While recent advances in the field have developed better reactants, including inorganic single source precursors, metal salts, and oxides; better passivants, such as amines and non-coordinating solvents; and better reaction technologies, such as thermal flow reactors; the reactions are still limited by reproducibility. Coupled to this problem is the lack of control over reaction times, which require continuous monitoring. In the case of III-V compound semiconductors, the synthetic pathways have rates of growth on the order of days, while in the case of II-VI's, size control is very difficult and depends on the ability to rapidly cool the reaction. In these cases, the reaction depends on heating rate, heat uniformity over the reaction vessel, stirring and rapid and uniform cool-down. These problems and others have been solved according to the inventors.

The duration of nanoparticle reactions have been optimized to 15 minutes at a maximum temperature of C. It has been shown that under the influence of microwave radiation, the crystallinity becomes dependant on the power of the radiation in concert with the temperature of the reaction. The microwave reactor allows the precursors to be prepared at or near room temperature (RT) and loaded into a reaction vessel prior to its introduction into an RT chamber of the microwave reactor. The reaction vessel is then heated to temperatures between C. and C. with active cooling. The microwave reactor operates at 2.45 GHz and can be adapted to a continuous flow or autosampler system. Incorporation of integrated absorption and fluorescent detectors allow the reaction stream to be continuously monitored for applications where high throughput, high volume preparation of colloidal semiconductor nanoparticles is desired.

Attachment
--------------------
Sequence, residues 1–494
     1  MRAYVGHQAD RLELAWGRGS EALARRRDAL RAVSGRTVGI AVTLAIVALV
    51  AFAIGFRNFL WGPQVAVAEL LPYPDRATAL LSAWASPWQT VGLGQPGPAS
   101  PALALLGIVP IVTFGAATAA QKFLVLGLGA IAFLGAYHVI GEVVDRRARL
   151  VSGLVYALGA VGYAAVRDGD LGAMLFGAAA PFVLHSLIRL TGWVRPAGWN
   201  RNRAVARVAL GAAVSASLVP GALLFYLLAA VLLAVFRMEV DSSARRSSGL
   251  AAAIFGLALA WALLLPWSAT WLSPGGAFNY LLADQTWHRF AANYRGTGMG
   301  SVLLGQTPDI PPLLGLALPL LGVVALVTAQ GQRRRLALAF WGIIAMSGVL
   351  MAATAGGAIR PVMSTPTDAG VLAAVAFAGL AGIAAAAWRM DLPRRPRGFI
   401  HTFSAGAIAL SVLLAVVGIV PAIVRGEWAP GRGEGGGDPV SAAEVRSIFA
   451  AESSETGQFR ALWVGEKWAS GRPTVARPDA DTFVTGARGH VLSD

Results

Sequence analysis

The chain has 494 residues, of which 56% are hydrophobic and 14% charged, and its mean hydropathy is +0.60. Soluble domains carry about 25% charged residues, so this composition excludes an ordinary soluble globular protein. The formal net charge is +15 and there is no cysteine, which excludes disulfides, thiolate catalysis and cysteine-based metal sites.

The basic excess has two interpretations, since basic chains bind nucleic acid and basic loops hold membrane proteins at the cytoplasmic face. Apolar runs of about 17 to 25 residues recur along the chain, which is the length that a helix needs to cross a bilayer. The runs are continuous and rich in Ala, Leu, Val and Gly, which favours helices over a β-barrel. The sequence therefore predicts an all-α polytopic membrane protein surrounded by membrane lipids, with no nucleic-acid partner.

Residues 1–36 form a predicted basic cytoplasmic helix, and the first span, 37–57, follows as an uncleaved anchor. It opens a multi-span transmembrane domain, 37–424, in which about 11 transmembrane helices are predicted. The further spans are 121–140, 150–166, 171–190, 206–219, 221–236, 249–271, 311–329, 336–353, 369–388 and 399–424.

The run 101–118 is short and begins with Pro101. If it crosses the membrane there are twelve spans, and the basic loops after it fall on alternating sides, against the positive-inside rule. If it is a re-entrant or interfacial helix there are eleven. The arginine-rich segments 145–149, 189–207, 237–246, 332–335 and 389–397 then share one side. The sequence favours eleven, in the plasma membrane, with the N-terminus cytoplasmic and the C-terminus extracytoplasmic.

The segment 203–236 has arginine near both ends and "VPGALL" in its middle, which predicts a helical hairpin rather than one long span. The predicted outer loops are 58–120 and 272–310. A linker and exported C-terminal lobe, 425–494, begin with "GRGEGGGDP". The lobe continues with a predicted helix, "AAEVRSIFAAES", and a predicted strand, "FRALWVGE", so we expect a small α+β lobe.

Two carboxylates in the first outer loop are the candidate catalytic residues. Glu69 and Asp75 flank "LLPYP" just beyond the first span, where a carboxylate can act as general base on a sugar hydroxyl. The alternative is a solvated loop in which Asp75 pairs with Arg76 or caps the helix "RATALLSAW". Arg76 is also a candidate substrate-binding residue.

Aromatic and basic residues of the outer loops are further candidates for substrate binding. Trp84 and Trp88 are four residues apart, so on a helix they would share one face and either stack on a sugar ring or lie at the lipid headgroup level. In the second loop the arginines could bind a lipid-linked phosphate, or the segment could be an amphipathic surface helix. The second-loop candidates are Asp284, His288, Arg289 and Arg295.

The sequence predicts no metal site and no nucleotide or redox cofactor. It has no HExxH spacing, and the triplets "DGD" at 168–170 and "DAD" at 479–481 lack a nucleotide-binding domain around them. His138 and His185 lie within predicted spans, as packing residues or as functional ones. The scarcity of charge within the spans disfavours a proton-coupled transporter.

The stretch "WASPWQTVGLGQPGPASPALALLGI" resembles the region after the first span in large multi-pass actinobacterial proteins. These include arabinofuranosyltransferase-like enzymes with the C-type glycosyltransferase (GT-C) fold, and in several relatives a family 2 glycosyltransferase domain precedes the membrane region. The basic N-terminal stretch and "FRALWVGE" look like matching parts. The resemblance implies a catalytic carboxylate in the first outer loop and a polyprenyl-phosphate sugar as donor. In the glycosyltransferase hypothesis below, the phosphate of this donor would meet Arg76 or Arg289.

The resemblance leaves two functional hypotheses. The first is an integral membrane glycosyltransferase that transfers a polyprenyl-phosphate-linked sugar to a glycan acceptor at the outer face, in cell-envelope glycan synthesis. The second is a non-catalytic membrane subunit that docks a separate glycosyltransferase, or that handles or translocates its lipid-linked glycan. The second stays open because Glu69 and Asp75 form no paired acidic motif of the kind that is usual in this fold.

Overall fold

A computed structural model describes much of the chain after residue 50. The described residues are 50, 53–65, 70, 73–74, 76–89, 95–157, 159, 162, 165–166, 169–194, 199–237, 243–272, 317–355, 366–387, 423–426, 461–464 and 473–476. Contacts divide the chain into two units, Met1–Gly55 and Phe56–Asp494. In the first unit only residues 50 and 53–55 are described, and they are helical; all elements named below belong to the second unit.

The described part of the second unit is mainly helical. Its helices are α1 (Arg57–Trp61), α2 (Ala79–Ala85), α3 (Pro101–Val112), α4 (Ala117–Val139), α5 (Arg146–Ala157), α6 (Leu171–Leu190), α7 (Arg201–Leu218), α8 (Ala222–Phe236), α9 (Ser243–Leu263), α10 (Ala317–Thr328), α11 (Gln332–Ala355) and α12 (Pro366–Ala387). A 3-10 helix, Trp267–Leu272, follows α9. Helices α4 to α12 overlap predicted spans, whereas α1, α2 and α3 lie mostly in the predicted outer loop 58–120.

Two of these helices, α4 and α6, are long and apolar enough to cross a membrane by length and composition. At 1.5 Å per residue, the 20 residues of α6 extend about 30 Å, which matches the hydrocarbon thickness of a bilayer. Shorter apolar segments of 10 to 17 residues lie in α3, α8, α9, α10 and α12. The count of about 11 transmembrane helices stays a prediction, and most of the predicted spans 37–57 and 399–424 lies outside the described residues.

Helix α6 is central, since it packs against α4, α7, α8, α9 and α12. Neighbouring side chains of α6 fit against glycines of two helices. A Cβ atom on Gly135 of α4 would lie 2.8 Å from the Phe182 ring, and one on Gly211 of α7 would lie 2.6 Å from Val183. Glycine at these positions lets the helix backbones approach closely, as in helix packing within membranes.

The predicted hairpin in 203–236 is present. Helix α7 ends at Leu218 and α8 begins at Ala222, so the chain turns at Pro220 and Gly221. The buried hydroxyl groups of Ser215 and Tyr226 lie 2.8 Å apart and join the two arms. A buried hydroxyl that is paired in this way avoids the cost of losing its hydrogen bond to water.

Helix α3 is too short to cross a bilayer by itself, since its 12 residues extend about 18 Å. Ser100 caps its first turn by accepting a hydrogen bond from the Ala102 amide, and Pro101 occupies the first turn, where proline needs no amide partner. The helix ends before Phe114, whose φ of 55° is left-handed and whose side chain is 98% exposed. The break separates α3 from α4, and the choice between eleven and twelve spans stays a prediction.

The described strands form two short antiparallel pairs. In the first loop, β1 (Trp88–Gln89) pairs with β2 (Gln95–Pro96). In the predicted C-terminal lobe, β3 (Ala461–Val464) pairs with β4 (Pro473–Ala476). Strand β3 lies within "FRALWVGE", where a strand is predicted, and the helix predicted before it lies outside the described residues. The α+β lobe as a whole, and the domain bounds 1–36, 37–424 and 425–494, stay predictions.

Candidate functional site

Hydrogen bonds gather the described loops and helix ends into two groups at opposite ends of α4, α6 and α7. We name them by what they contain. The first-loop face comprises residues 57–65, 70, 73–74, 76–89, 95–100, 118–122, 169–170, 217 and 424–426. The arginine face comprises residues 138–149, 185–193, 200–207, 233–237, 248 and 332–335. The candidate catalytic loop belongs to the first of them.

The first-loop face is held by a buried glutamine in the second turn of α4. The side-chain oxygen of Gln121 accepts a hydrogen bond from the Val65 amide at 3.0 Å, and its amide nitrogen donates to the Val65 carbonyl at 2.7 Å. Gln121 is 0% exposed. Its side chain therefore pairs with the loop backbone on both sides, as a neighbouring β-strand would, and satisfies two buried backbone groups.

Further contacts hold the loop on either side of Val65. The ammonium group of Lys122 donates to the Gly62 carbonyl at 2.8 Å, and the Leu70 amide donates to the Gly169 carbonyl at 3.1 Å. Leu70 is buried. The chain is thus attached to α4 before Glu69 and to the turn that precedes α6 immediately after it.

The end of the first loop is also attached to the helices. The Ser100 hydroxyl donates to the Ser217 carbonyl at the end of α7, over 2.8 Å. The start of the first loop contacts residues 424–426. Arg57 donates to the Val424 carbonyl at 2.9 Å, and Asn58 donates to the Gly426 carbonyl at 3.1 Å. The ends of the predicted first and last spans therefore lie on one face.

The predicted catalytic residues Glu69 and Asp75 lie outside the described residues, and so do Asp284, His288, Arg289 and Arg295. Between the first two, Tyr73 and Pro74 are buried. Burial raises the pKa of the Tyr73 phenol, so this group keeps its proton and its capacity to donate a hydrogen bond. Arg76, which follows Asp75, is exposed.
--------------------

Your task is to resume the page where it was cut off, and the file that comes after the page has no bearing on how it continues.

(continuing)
The figure is a flowchart that illustrates the processing steps for synthesizing nanoparticles used in the preferred embodiment of the present invention. These steps are typically performed using  single reaction vessel, continuous flow reactor or stopped flow reactor. When the nanoparticles synthesized by the method are semiconductor nanoparticles,  there is no limitation in their composition, but typical examples are single substances of Group 14 elements, such as C, Si, Ge, or Sn, single substances of Group 15 elements, such as P (black phosphorus), single substances of Group 16 elements, such as Se or Te, and group compounds. 

 Block 38 represents the step of preparing one or more constituent elements at or near room temperature, wherein the room temperature is below C. Preferably, a dielectric constant of a main one of the constituent elements is 20 or higher.

Block 40 represents the step of heating the prepared constituent elements to an elevated temperature using high-rate heating, in order to create a reaction mixture. Preferably, the heating step is performed using microwave irradiation, and the high heating rate comprises a rate of C./min or higher.

Block 42 represents the step of stabilizing the reaction mixture at the elevated temperature. Preferably, the elevated temperature is greater than C.

Block 44 represents the step of cooling the stabilized reaction mixture to a reduced temperature using high-rate cooling. Preferably, the high cooling rate comprises a rate of C./min or higher.

Equipment for the nanofabrication market is a $55 billion annual enterprise according to an upcoming report Nanofabrication Equipment For IT And Electronics – A Technology, Industry And Global Market Analysis from Innovative Research and Products, Inc (iRAP, Inc).